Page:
blesses the lesser!).
• Joseph settles everyone in the land of Ramses with plenty of provisions.
• The famine is so severe that over the years the Egyptians used their
livestock and eventually their land to pay for food.
• Pharaoh takes possession of most of the land of Egypt and the people
thank Joseph for their survival.
• Jacob moved to Egypt when he was 130 and died when he was 147.
• Jacob knows death is drawing near, so he summons Joseph and has him swear
an oath that he would not be buried in Egypt for his home was in Canaan.

XLVIII. The Blessing of Joseph’s Sons and the Death of Jacob (Genesis 48).

• Joseph takes his two sons to see Jacob. Jacob explains that Joseph’s two
sons, Manasseh and Ephraim, will be counted as if they were Jacob’s sons.
The twelve tribes of Israel will be: Reuben, Gad, Simeon, Judah, Dan,
Benjamin, Asher, Naphtali, Zebulun, Issachar, Manasseh, and Ephraim.
• Joseph is blessed with two tribes named after his sons.
• Levi will be recognized as the priestly clan.
• Joseph brings Manasseh and Ephraim to be blessed by Jacob who
crisscrosses his hands and gives the blessing of the firstborn to the
younger Ephraim.
• When Joseph seeks to correct his father, but Jacob refuses and
acknowledges what he is doing by intent. (He places Rachel ahead of Leah).
• Joseph is 56 at the time of his father’s death and his sons are young men.
• Joseph is given a mountain slope Jacob had fought for and taken from the
Amorites. The Hebrew word slope sounds like Shechem.
• Jacob reminds them he wants to be buried with his fathers.

Jesus in the Old Testament

• There is no biblical ground for stating this but one could see the cross
in Jacob’s blessing of Joseph’s sons picturing the reversal of our own
birth order: the blessing to redeemed sinners in Christ comes not to the
firstborn but those second born. We are born a second time not by human
agency but by the Spirit.



Genesis 44-45

?#?OTin52? Our reading today is Genesis 44-45:

XLIV. Joseph Tests his Brothers again and Judah Steps Up (Genesis 44).

• As before, Joseph instructs his steward during dinner to fill their sacks
with food and place each brother’s money in his sack.
• In addition, he directs his servant to put his very own silver cup in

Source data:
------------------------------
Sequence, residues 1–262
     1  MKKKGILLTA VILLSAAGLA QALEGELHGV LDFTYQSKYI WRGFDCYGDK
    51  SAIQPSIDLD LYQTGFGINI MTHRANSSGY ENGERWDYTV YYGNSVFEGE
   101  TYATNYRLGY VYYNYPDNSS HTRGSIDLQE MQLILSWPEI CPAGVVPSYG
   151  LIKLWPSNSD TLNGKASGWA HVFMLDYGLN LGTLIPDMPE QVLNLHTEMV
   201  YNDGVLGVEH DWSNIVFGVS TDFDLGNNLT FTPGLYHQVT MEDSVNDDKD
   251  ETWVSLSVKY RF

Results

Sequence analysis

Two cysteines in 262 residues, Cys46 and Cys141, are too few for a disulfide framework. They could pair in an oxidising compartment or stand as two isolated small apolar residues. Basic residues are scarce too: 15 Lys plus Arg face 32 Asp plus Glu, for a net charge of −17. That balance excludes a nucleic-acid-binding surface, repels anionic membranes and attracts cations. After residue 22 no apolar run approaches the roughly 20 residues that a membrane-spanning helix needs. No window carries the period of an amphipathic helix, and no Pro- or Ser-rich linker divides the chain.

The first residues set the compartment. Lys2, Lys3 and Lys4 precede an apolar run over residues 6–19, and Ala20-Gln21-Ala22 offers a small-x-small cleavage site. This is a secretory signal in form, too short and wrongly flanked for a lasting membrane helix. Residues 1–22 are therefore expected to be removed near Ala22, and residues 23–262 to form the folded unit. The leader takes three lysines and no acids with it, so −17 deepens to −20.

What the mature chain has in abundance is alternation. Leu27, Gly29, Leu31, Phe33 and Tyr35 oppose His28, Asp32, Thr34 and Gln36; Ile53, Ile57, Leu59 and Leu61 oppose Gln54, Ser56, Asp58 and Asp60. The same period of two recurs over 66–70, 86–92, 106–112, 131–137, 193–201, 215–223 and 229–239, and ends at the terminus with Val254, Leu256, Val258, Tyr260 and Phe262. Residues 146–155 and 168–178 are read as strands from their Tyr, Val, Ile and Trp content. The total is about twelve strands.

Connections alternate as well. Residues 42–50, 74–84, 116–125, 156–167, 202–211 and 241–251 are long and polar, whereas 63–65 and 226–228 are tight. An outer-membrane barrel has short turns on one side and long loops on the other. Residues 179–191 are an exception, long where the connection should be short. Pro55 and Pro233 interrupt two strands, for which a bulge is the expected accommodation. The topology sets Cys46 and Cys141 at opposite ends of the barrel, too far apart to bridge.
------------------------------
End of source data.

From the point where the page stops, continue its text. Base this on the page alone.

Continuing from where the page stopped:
Benjamin’s bag.
• At daybreak they are sent off and after traveling a short distance are
overtaken by Joseph’s steward an accused of taking advantage of the
kindness shown them.
• The brothers state that if any of the gold or silver were found on one of
them that brother will die.
• Each brother opened his sack, from the oldest to the youngest (increasing
the tension) until the cup was found in Benjamin’s sack.
• They tore their clothes in genuine despair and headed back to the city.
• Judah pleads their case before Joseph and as he promised to his father,
offers himself in Benjamin’s stead.
• Judah’s appeal is as moving as any speech in the entire Joseph narrative.
• Judah says that God has found out the sin of his servants.

XLV. Joseph Discloses his Identity to his Brothers and Invites them to Live
in Egypt with their Father (Genesis 45).

• After Joseph’s plan revealed his brothers’ regret he is overcome with
emotion and finally discloses who he is.
• His first question is to ask whether his father is still alive?
• His brothers are totally dumbfounded and cannot answer. Their silence is
a mixture of many emotions (i.e. amazement, fear, shock, etc.). They are
still afraid 17 years later (cf. Genesis 50:15-21).
• Joseph declares that in their evil intent God was still providentially at
work and sent him ahead of them for their their survival from the famine.
• The providence of God did not lessen the wrong they did but it did ease
their fear and sorrow.
• Joseph instructs his brothers to return home, tell his father how God has
made him lord of Egypt, and come and live in the land of Goshen.
• Finally, the brothers began to speak.
• Pharaoh tells Joseph to move his family to Egypt and he will even finance
their move from Canaan.
• Joseph bestows gifts and fine clothes upon his brothers and gives more to
Benjamin than the others.
• His last word before they departed was that they not quarrel on the way!
• When they arrive home they report to Jacob that Joseph is still alive and
that he’s the ruler over all of Egypt.
• Jacob breaks through his skepticism and with joy declares his desire to
see Joseph.

Jesus in the Old Testament

• Judah, the brother through whom the messianic line would continue,
becomes the leader and spokesman for his family. He also offers himself to
die in Benjamin’s place.

• All his brothers bow before Joseph, not only fulfilling his dream, but
also prefiguring that day when every knee will before Jesus, confessing Him
as Lord.



Genesis 42-43

#?OTin52? Our reading today is Genesis 42-43:

XLII. Jacob’s Sons First Trip Down to Egypt (Genesis 42)

• The sons of Jacob surely thought that Joseph was dead or would never be
seen again. The next few chapters describe Joseph’s interaction (now
Governor of all Egypt) with them when they arrive in Egypt.
• Jacob and his family feel the effects of the famine in Canaan.
• He sends his sons (Joseph’s brothers) to Egypt to acquire grain.
• All of his sons make the trip except Benjamin, his youngest and Joseph’s
only full brother, by Rachel.
• The brothers arrive in Egypt and bow down before Joseph. Remember 37:6-7?
Joseph’s dream is fulfilled.
• Joseph recognizes them but they don’t recognize him.